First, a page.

Stress is no stranger to us. We experience it when placed in difficult situations, and while it is usually thought of negatively, good stress positively pushes us and gets specific tasks done. In this article, Dr. Victor Kwok, Senior Consultant Psychiatrist, shares useful tips on managing stress.
When asked for signs of burnout and stress, Dr. Kwok said: “ Psychologist Christina Maslach defines burnout as a cumulative stress that causes one to develop exhaustion or chronic fatigue and develop feelings of low accomplishments."
“When we experience burnout, symptoms such as poorer productivity, poor physical health tend to surface. However, not everyone can spot these signs in themselves.”
“When we are very tired and exhausted, we sometimes turn to food that are not very healthy for us. We may even binge-eat too,” Dr. Kwok shared.
Dr. Kwok said that binge-eating and unhealthy food choices could be one of the many signs that happen in people under a lot of stress. In addition, external factors such as having no time for meals and feelings of tiredness or even loneliness can also trigger binge-eating.
According to Dr. Kwok, eating healthily when stressed can improve one's resilience to stress.
“The Mediterranean diet in particular, is one that I advocate for. There are evidence-based studies that show how it helps increase one’s resilience. It also helps with depression, anxiety, and even reduce the risk of dementia.”
Emphasizing the importance of fruits and vegetables, Dr. Kwok also noted the effectiveness of opting for plant-based foods and limiting the intake of red meat, alcoholic drinks, and caffeinated drinks.
Even though alcohol is present in the Mediterranean diet, it is best to keep it to zero or limit it to seven units a week for Asian women and not more than 14 units a week for Asian men.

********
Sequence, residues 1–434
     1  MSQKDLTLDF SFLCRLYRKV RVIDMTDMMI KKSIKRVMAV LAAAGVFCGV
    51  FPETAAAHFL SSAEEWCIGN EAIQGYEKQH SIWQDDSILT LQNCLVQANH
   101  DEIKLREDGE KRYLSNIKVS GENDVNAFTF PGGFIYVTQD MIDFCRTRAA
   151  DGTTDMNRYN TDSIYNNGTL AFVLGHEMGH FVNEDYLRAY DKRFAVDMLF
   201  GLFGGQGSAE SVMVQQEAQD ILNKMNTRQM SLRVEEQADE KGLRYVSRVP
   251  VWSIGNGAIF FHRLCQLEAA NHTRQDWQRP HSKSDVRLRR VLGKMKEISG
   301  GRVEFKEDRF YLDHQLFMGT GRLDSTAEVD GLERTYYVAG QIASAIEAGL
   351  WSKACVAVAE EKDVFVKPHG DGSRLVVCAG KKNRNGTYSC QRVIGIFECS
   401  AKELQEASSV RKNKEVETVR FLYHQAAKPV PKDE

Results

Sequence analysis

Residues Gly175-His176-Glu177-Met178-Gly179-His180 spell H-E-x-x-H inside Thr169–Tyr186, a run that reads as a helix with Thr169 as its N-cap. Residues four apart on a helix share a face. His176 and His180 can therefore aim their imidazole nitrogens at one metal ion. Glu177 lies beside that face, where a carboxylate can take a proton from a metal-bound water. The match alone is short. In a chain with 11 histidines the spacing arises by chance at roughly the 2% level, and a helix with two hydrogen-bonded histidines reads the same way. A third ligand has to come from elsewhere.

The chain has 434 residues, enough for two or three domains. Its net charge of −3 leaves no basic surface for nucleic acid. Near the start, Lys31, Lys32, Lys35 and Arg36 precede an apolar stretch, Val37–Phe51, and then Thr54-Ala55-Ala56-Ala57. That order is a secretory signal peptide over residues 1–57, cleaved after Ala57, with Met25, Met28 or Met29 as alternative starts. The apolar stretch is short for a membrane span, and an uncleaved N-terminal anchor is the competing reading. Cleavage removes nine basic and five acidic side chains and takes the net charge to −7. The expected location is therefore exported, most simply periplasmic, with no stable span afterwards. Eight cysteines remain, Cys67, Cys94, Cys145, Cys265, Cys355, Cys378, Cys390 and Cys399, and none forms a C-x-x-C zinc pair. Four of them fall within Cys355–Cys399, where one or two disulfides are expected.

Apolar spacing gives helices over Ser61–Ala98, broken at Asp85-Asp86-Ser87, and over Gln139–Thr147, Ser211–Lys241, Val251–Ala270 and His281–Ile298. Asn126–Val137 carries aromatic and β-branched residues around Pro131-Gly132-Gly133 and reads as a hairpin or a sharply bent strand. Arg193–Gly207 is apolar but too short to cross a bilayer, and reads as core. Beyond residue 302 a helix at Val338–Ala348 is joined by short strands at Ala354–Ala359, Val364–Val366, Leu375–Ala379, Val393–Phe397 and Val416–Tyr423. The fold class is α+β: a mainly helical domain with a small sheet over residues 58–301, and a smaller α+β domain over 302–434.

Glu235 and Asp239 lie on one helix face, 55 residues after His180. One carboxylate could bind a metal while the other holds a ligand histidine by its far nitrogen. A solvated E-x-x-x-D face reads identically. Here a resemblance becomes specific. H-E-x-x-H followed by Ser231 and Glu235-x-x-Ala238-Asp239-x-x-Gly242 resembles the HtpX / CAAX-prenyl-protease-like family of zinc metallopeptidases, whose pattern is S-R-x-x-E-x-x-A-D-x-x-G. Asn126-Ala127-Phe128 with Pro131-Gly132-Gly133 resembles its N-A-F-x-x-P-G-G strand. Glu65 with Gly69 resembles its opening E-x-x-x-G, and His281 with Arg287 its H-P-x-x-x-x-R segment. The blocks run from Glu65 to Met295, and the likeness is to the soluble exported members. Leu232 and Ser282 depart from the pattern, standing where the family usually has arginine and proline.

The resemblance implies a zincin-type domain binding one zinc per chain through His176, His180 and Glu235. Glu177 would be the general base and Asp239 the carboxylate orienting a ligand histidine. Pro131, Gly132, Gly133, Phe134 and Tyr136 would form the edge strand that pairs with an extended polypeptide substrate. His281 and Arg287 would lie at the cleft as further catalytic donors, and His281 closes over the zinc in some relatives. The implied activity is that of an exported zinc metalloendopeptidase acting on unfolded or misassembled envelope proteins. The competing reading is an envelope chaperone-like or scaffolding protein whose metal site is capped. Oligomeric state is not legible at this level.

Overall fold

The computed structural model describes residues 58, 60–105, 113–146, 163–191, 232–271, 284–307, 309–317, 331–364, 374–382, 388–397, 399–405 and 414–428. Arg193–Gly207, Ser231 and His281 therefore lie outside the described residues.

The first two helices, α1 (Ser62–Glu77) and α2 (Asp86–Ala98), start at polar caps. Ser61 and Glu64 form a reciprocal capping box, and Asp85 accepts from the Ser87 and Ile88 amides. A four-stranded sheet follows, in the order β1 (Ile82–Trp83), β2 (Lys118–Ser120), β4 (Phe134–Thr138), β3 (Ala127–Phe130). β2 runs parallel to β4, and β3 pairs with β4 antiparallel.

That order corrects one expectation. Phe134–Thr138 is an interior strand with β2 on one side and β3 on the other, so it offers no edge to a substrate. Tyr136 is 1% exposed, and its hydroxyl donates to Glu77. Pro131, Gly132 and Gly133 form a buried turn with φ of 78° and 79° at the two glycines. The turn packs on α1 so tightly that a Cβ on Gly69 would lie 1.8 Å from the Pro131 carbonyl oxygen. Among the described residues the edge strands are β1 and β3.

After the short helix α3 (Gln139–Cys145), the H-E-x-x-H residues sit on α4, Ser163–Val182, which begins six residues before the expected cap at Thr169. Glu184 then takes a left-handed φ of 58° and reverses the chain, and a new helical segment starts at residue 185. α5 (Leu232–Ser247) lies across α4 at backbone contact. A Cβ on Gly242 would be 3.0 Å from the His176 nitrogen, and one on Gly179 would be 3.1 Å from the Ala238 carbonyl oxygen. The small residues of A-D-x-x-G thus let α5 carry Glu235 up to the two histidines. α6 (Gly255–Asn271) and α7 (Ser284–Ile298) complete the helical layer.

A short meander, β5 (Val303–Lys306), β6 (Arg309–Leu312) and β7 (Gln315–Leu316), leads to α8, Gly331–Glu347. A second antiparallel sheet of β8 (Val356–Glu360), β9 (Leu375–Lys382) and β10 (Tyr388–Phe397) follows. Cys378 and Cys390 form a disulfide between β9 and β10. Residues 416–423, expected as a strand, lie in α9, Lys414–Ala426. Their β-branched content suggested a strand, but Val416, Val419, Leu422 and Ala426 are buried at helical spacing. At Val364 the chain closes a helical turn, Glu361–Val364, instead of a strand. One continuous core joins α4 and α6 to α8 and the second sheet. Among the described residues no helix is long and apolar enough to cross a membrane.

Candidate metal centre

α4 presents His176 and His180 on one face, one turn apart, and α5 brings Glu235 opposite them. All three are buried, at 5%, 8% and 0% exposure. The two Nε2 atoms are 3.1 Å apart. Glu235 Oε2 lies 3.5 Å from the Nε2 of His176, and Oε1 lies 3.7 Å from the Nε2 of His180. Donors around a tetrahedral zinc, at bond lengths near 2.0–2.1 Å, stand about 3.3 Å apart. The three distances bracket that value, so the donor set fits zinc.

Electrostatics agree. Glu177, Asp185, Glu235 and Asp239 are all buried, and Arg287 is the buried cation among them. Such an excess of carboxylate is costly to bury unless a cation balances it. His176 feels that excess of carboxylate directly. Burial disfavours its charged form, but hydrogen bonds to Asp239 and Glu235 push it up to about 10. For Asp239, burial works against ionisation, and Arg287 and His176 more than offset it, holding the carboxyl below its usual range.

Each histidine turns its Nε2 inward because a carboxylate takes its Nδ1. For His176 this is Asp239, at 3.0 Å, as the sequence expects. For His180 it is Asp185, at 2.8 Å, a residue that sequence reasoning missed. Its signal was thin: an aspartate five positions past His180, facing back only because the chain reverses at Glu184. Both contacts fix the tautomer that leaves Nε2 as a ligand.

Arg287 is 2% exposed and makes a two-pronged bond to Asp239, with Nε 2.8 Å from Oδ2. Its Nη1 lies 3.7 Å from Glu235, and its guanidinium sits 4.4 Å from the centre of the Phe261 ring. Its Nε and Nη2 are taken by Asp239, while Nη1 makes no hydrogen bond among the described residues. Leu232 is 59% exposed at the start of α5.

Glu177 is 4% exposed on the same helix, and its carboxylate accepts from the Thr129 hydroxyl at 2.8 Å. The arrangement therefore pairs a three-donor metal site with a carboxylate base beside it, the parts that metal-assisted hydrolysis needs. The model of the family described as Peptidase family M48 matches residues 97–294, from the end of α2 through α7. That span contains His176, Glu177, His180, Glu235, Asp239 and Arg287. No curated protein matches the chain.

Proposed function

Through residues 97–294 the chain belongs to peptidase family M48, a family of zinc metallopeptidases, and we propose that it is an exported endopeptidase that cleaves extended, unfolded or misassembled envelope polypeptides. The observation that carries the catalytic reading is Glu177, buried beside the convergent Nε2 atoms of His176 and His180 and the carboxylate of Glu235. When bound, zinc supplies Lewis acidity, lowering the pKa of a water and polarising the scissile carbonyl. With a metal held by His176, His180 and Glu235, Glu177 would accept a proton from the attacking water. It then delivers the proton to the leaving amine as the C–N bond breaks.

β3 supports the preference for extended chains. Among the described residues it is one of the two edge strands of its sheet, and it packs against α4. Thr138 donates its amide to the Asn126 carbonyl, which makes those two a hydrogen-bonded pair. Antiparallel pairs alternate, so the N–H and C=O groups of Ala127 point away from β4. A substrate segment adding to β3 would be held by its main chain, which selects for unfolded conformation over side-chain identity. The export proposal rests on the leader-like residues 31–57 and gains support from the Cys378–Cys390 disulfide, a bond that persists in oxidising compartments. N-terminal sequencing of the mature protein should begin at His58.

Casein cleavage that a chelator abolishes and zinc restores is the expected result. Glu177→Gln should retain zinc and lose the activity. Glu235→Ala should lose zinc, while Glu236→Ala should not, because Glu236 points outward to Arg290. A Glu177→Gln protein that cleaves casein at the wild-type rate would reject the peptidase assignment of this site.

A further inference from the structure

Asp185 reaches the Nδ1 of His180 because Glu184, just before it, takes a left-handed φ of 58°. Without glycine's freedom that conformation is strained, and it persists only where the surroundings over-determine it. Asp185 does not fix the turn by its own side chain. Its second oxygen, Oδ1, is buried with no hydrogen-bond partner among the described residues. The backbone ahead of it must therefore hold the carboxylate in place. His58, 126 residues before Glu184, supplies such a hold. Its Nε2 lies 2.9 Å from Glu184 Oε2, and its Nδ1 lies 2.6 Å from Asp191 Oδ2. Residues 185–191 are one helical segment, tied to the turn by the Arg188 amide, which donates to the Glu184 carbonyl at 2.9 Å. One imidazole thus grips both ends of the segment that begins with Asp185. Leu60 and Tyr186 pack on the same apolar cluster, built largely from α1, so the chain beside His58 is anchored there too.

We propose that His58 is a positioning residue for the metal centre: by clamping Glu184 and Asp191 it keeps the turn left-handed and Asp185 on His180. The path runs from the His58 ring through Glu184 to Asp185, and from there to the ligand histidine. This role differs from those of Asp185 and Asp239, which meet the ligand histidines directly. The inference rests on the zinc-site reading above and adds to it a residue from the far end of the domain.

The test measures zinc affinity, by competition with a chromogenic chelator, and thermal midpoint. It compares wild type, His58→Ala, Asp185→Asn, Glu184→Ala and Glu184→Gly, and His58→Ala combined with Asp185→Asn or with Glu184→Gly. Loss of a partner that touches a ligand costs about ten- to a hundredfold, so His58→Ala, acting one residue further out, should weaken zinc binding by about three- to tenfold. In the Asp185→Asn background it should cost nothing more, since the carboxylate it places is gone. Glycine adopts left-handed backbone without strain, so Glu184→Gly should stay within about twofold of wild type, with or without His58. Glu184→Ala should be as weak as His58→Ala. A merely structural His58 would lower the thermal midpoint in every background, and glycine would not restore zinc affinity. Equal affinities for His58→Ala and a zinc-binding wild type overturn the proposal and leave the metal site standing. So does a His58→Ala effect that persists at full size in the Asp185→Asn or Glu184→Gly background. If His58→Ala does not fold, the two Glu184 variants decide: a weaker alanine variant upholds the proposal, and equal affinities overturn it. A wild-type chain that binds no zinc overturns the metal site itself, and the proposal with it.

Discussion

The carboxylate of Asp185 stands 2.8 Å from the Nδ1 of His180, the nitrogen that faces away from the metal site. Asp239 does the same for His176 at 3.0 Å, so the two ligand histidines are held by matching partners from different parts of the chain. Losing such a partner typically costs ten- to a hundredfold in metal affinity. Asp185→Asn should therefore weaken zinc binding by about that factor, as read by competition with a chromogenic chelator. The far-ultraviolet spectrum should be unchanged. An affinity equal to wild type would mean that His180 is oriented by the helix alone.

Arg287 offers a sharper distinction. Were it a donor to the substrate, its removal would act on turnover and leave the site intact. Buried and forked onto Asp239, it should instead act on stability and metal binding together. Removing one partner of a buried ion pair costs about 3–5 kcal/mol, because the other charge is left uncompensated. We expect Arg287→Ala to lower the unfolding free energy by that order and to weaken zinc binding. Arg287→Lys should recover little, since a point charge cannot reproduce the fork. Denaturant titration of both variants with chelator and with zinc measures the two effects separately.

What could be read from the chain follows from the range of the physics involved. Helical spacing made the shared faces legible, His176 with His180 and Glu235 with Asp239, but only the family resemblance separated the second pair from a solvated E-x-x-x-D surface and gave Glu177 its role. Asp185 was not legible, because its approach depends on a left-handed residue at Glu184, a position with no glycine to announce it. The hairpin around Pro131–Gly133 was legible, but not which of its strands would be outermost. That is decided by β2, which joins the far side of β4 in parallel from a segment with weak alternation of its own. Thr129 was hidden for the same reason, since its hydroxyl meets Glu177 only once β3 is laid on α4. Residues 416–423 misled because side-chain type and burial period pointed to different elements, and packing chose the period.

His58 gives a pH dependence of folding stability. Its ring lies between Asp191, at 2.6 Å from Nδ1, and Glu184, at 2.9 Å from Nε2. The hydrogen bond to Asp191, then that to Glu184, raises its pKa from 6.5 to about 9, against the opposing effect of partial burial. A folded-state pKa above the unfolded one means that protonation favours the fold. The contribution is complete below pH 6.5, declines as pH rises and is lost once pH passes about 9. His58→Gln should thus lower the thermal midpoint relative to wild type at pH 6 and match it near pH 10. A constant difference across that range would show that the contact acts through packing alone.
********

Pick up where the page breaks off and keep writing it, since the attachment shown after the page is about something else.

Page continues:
Mindful eating can be defined as the opposite of binge eating. Instead of swallowing food fast, mindful eating means savoring the food slowly and focusing on it.
“An example would be eating an expensive mao shan wang durian. Instead of swallowing it whole within seconds, one takes time to savour and appreciate it. This is effective in helping one to decrease binge eating and unhealthy eating,” Dr. Kwok explained.
“Put down your phone, eat slowly and savour your food. Mindful eating is one of the little things you can do to take a break and focus on self-care,” he added.
Keeping ourselves active is another way to help our body manage stress. Simple activities such as walking, cycling, or perhaps planning a trip to the zoo or visiting a nearby island are healthy activities that can create positive experiences and lift our mood.
When starting a new lifestyle, Dr. Kwok said it is best to start the routine with low-impact activities.
“Just like how we go slow when starting our patients on medication, it is best to identify activities and rank them according to their level of difficulty. Begin with the easy ones and monitor your mood before getting on with the rest,” Dr. Kwok advised.
“Studies have also shown that if you pair up with a coach or personal trainer, outcomes can be better. While not everyone can afford to hire one, you can perhaps start by exercising with a friend who can monitor you while you engage in those activities or exercises. This helps in ensuring a higher success rate,” Dr. Kwok added.
Exercising increases our endorphin levels, remodels our brain down to the cellular and DNA level, and can help boost our self-esteem, especially after we finish an exercise or workout routine. In addition, taking time out for self-care allows our minds to break from life's difficulties.
“When managing stress, self-care plays a huge role. If you notice yourself experiencing difficulties sleeping or eating, and find yourself experiencing more mood swings than ever, it is time to pause and evaluate your psychological wellbeing,” Dr. Kwok advised.
While stress is commonly experienced, too much stress can be overwhelming and detrimental to our mental health, especially if it is experienced for an extended period. At this point, consider getting help from a mental health professional like a psychiatrist. They can work together with you to get back on track.